This sort of film is dying out with the actors who made them. Mitchum was a hellraiser and combined with being a hell of an actor, he brought a special quality to such movies.

(From Jon's Alphabet Marathon 2010 on July 12th, 2010)

Member's Reviews

The Man With The Golden Gun, a review by Rich

The Man With The Golden Gun

James Bond (Roger Moore) may have met his match in Francisco Scaramanga (Christopher Lee), a world-renowned assassin whose weapon of choice is a distinctive gold pistol.  When Scaramanga seizes the priceless Solex Agitator energy converter, Agent 007 must recover the device and confront the trained killer in a heart-stopping duel to the death!

Really enjoyed watching this one again, it had been some time since my last viewing.
For me this is possibly Moores 2nd best film, I thought Lee as Scaramanga, with sidekick Nick-Nack, were excellent villains, and who could not enjoy seeing Britt Ekland wandering round in a bikini or babydoll nightie? (despite her bad acting skills)
The story is not as per Flemings last book, but I think works well and is still relevant today. Moore is particularly suave and witty, which suited the films at this time. Some of the stunts were awesome, the spiralling jump over the collapsed bridge only spoilt by a bloody penny-whistle noise (listen to the commentary track to see how much they regretted that). The gadgets are balanced well in quantity and not too ridiculous, the jokes are delivered well, the Far-Eastern locations ideal, and the acting solid in most areas.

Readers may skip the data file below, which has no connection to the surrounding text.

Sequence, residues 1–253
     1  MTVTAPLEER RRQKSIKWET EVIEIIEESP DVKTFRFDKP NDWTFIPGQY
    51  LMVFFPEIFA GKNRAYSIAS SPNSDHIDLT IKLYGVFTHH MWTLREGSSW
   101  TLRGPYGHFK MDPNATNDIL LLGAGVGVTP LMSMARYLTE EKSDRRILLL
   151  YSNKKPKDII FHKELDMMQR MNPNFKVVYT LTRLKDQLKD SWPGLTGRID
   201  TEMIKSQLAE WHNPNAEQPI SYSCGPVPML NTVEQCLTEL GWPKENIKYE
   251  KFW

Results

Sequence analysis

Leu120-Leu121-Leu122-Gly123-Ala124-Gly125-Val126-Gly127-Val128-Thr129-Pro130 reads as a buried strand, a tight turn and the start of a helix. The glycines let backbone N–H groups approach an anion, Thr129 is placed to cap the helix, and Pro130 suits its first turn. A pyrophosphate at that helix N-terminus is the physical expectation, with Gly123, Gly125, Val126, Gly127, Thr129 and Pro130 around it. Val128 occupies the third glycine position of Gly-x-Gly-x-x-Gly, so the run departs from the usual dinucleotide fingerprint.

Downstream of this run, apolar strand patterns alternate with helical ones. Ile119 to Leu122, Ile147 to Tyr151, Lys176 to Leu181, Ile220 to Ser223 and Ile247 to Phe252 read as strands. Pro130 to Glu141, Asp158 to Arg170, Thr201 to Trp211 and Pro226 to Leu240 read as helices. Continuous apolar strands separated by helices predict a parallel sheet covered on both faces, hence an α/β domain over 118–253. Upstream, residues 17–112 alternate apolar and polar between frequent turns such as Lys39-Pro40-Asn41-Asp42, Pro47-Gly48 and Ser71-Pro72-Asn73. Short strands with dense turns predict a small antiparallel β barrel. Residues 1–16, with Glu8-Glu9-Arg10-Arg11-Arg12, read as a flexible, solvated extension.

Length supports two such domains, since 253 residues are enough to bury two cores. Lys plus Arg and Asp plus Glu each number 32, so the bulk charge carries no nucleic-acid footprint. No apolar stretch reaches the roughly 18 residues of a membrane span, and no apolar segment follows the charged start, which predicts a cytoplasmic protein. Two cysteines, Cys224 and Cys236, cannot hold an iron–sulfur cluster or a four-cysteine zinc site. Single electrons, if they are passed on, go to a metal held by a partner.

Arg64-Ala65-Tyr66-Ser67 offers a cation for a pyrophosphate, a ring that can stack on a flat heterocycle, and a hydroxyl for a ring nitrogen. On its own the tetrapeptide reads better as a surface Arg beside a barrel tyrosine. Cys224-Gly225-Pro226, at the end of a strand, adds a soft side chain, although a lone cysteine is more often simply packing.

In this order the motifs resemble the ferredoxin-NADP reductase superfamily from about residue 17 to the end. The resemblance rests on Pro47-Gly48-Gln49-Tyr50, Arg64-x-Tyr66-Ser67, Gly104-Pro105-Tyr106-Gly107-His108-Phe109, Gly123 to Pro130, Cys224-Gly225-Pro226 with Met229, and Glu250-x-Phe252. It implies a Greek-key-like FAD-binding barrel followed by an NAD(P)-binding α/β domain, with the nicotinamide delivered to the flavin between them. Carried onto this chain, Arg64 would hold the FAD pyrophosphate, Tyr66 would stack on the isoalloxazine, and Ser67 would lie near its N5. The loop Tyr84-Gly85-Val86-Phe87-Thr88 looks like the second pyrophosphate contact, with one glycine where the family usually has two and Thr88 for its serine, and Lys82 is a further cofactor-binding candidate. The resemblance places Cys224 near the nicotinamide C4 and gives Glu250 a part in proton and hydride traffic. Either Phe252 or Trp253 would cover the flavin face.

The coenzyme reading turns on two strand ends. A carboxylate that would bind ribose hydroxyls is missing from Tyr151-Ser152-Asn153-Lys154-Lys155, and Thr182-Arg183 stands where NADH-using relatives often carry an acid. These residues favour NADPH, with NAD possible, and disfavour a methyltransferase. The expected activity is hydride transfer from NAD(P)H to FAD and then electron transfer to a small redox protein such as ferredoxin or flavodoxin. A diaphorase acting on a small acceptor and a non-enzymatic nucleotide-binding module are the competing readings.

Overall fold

On the negatives, the soundtrack was poor, a couple of the fight scenes were limp, and the pointless return of Clifton James as the racist 'Southern' sheriff.
A 007 classic and definately one of Moore's better films. Full of humour and an engaging storyline, I rate it higher than others.  ;D

(From Riches Random Reviews on March 31st, 2009)

Member's TV Reviews

HawthoRNe: Season 1 Ep. 4: All the Wrong Places, a review by addicted2dvd

HawthoRNe: Season 1 Ep. 4

As Christina uncovers a rare disorder that could place an accident victim and her young son in grave danger, Bobbie is pressed to counsel a young man facing the loss of an arm.

Notable Guest Stars:
DB Woodside (Buffy the Vampire Slayer, 24) as David

My Thoughts:
Another episode I enjoyed... though not quite as much as the previous ones. I actually enjoyed the side story about the amputee then I did the main storyline.

My Rating:

(From HawthoRNe Episode Reviews on June 23rd, 2013)